For ethical decision-making near the end of life, autonomy is the moral North Star. At the same time, for some treatments, the burdens so clearly outweigh benefits that physicians may make a judgment not to offer the treatment. This is often clearer in surgery. A person with colon cancer and metastases may not insist on resection of the metastases. For some reason, some treatments have escaped these logical constraints. Attempted resuscitation of a dying patient is a good example. The circumstances in which a physician may make choices on behalf of a competent, terminally-ill patient without consent, and even without notification, are hotly debated, but data suggest that physicians do so frequently. Patients who lack capacity present even more difficult challenges. Advance directives, when available, can be extremely helpful, but even with them difficult problems can remain. If advance directives have not been established, family and close friends are an obvious source of guidance. Their legal role varies in different jurisdictions; in practice, they are crucial in bedside decision-making. Guardianship and alternatives to it remain a poor last resort. Euthanasia is a very difficult problem. We believe it is semantically misleading to lump under the term 'passive euthanasia' those circumstances where potentially life-sustaining treatment is withheld or withdrawn. The tension between patient autonomy and medical common sense remains unresolved within the 'futility' controversy. The authors believe it serves no purpose to discuss carefully with dying patients propositions that are nonsense. At the same time, physicians must not confuse decisions about quality of life with judgements about treatment effectiveness. We believe that what many, although not all, dying patients want are physicians with intelligent compassion who can take care of them through the dying process.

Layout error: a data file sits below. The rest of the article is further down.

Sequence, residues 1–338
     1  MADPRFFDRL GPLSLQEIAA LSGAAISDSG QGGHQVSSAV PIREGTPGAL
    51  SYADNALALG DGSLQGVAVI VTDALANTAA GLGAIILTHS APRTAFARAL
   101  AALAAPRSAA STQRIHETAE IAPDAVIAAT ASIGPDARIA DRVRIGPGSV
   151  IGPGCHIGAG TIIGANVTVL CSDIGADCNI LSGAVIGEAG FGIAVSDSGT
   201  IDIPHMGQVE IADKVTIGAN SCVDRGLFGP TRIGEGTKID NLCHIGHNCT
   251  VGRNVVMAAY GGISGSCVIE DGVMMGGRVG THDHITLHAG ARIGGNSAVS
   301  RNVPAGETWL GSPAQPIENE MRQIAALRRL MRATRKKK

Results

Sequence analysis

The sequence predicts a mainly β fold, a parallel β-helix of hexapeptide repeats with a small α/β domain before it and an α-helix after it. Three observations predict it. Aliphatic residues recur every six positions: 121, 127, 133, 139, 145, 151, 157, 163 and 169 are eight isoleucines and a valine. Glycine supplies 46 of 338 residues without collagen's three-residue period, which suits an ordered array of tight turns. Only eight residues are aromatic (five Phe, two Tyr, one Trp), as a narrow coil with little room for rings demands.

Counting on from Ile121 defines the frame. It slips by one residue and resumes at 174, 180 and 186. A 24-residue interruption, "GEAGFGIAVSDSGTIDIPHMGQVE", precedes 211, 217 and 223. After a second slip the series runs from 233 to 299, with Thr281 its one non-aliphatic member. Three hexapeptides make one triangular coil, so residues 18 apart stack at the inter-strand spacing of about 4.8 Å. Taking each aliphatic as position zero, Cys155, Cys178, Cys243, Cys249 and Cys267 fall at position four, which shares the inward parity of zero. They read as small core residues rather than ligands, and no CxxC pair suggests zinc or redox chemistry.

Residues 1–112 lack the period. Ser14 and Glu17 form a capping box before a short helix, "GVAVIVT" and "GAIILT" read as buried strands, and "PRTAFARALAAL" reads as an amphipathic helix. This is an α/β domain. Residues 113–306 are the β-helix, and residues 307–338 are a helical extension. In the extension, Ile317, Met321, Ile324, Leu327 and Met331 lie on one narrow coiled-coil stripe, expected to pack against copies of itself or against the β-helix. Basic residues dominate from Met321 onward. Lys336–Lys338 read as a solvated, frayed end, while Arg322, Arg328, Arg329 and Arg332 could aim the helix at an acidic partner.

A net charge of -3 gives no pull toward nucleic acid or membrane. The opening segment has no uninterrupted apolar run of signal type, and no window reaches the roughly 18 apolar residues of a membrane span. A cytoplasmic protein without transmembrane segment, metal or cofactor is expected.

ASJC Scopus subject areas
- Geriatrics and Gerontology